News: General Press
Psychostymulant medication safe in adolescents with ADHD and substance use disorders
Source: MEDSCAPE / Date: December 18, 2009 / Category: General Press
Long-acting psychostimulant medication to treat adolescents with attention-deficit/hyperactivity disorder (ADHD) who have co-occurring substance use disorders (SUDs) appears to be safe even if the adolescents have not achieved abstinence.
Results of the recently completed large, multisite randomized controlled trial also indicate that long-acting psychostimulant medication for ADHD appears to carry a low risk of abuse or diversion liability in adolescents concurrently receiving outpatient drug treatment.
Presented at the American Academy of Child & Adolescent Psychiatry 56th Annual Meeting, investigators from the University of Colorado at Denver reported methylphenidate OROS (OROS-MPH) appears to have similar safety and tolerability in adolescents with SUDs as it does in children and adolescents with ADHD who do not have co-occurring SUDs.
According to the study's principal investigator, Paula Riggs, MD, ADHD often goes untreated in adolescents with substance abuse, and this has been associated with poorer treatment outcomes.
To evaluate the safety and efficacy of OROS-MPH plus cognitive behavioral therapy (CBT) compared with CBT plus placebo for the reduction of ADHD symptoms and substance use in adolescents, the researchers randomized 303 participants
Participants were aged 13 to 18 years, met Diagnostic and Statistical Manual of Mental Disorders (DSM-IV) criteria for ADHD, and scored 22 or higher on the baseline ADHD symptom checklist.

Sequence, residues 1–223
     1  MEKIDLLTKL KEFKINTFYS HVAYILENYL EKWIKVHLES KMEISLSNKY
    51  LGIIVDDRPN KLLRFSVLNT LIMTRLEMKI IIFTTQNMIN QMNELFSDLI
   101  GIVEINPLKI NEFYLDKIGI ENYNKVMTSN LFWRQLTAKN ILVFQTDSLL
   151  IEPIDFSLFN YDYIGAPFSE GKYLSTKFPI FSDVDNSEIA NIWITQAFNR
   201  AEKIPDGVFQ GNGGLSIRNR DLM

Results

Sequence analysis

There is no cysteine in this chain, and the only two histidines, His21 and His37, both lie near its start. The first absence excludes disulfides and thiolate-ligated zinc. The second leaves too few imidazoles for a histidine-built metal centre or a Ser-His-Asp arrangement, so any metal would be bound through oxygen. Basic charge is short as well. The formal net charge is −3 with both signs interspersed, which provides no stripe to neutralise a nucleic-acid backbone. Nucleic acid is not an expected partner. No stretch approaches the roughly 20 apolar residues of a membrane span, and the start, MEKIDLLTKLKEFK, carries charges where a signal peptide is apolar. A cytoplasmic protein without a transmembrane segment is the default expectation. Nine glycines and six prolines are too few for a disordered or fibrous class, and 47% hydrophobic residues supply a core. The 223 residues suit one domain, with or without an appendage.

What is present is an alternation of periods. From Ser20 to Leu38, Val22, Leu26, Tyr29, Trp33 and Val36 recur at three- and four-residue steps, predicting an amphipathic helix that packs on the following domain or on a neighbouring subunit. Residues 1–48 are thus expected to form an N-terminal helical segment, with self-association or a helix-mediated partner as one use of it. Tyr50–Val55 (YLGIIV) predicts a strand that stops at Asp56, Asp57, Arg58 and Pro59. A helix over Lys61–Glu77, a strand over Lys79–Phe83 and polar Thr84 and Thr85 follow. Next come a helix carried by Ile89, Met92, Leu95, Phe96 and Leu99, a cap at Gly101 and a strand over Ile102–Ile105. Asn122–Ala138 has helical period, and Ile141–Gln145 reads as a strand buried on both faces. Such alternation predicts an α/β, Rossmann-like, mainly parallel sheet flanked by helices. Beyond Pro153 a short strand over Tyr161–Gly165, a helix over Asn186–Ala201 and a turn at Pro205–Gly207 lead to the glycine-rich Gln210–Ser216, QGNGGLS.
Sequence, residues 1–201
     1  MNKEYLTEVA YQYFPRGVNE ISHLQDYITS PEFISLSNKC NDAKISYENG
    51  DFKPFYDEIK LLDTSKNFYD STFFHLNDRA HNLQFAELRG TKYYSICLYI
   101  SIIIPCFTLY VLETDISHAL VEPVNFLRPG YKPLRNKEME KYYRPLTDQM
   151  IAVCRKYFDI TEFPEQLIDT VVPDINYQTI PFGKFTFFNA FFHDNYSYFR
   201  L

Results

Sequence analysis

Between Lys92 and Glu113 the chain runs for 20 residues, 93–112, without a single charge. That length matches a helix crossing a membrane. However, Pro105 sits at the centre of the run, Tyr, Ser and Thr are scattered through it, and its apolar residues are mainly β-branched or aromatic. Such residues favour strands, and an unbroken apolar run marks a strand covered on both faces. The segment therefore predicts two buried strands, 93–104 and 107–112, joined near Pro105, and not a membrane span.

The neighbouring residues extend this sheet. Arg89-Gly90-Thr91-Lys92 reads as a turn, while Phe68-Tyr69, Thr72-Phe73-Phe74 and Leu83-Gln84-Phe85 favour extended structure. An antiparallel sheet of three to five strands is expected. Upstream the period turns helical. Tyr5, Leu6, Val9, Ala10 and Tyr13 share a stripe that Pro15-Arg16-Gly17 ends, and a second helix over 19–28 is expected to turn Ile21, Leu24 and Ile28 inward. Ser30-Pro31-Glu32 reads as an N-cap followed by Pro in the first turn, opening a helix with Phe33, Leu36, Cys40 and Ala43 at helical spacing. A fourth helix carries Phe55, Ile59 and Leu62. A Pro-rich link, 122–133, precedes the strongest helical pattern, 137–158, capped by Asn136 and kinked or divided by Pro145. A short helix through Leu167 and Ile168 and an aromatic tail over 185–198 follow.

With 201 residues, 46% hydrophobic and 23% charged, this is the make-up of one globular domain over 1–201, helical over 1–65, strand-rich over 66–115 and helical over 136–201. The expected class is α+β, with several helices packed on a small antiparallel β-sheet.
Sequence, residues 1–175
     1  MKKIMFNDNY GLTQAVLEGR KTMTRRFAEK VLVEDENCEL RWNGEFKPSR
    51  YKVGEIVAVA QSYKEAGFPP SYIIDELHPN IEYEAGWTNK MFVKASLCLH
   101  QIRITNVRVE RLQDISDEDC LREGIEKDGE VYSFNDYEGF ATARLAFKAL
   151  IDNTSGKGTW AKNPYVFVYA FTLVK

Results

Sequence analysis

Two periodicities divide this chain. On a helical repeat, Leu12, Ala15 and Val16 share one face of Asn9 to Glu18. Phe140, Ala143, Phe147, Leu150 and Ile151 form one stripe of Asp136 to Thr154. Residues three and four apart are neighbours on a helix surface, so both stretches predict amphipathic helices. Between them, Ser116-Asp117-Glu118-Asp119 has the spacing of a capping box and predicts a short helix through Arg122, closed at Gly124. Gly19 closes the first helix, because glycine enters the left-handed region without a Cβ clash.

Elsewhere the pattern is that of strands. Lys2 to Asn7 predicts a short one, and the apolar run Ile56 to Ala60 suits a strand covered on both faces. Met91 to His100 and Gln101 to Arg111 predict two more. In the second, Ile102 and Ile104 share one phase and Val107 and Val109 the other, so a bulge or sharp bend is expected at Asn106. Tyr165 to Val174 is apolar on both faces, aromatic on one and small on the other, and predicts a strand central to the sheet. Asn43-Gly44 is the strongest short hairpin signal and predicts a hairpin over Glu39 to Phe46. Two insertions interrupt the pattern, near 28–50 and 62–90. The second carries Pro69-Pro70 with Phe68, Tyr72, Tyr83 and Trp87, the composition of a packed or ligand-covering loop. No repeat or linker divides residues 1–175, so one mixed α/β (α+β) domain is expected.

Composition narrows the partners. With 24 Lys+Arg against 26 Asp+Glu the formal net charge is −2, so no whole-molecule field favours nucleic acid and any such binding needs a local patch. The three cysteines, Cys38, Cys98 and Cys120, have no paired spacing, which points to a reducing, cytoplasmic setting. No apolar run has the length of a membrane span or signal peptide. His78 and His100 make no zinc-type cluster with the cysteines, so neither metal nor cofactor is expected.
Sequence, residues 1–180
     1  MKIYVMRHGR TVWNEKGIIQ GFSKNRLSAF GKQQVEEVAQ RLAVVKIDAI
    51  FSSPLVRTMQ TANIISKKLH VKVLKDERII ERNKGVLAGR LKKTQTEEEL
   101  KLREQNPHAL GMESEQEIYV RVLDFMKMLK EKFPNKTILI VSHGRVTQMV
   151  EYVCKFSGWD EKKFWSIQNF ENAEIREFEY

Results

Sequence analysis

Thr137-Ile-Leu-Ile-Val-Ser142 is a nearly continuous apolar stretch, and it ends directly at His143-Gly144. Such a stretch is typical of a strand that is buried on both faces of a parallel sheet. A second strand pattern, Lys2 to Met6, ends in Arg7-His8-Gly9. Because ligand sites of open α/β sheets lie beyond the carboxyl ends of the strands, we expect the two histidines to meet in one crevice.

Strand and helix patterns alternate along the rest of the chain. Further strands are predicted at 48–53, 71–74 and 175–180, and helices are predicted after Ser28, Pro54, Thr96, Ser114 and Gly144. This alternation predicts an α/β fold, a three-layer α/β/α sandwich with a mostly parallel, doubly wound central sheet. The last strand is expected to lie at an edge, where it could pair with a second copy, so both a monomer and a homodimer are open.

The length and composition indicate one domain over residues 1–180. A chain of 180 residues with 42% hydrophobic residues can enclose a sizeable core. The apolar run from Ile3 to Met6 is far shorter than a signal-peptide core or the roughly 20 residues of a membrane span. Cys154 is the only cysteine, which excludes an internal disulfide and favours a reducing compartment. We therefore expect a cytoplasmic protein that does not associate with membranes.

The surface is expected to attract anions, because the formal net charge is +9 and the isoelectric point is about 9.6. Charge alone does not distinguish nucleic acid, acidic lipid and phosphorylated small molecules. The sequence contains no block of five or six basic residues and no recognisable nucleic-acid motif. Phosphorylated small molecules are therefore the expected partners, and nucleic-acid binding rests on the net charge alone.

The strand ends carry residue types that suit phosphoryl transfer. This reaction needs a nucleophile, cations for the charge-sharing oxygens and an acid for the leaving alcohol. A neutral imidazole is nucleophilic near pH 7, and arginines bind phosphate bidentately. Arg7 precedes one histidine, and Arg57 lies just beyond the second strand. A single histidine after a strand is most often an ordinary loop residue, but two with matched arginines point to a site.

Individuals in both treatment groups received weekly 50- to 60-minute, individual CBT. In addition, participants received OROS-MPH titrated to a maximum fixed dose of 72 mg/day or placebo.
Of the total study group 75% completed the trial. Overall, more than 90% of participants achieved the targeted daily dose of 72 mg. Medication compliance and CBT session attendance was 79% and 70%, respectively, with no differences in these outcomes between the 2 study groups.
The researchers also reported that despite nonabstinence in most participants OROS-MPH had an excellent safety profile with good tolerability.
The study showed a clinically and statistically significant reduction in ADHD symptoms in those treated with OROS-MPH plus CBT of 46%. However, there was no separation between the 2 treatment groups because of a similar 45% reduction in the placebo plus CBT treatment group based on the study's primary outcome measure of adolescent-reported ADHD symptoms.
However, parent ratings were lower with OROS-MPH compared with placebo at 8 weeks (P < .02) and 16 weeks (P < .0015). Adolescents treated with OROS-MPH plus CBT also reported significant improvement in their problem-solving ability (P < .0023) and focused coping skills (P < .023) compared with those treated with placebo plus CBT, who reported no change on these measures from baseline.
Similarly, there was a clinically and statistically significant reduction in the number of days of past-month drug use in both treatment groups but no difference between groups.
"I think that the most important clinical implications of this study may be that OROS-MPH, and possibly other long-acting psychostimulant medications, appears to be safe and well tolerated in nonabstinent adolescents who are concurrently enrolled in substance treatment and who receive regular safety and compliance monitoring, " said Dr. Riggs.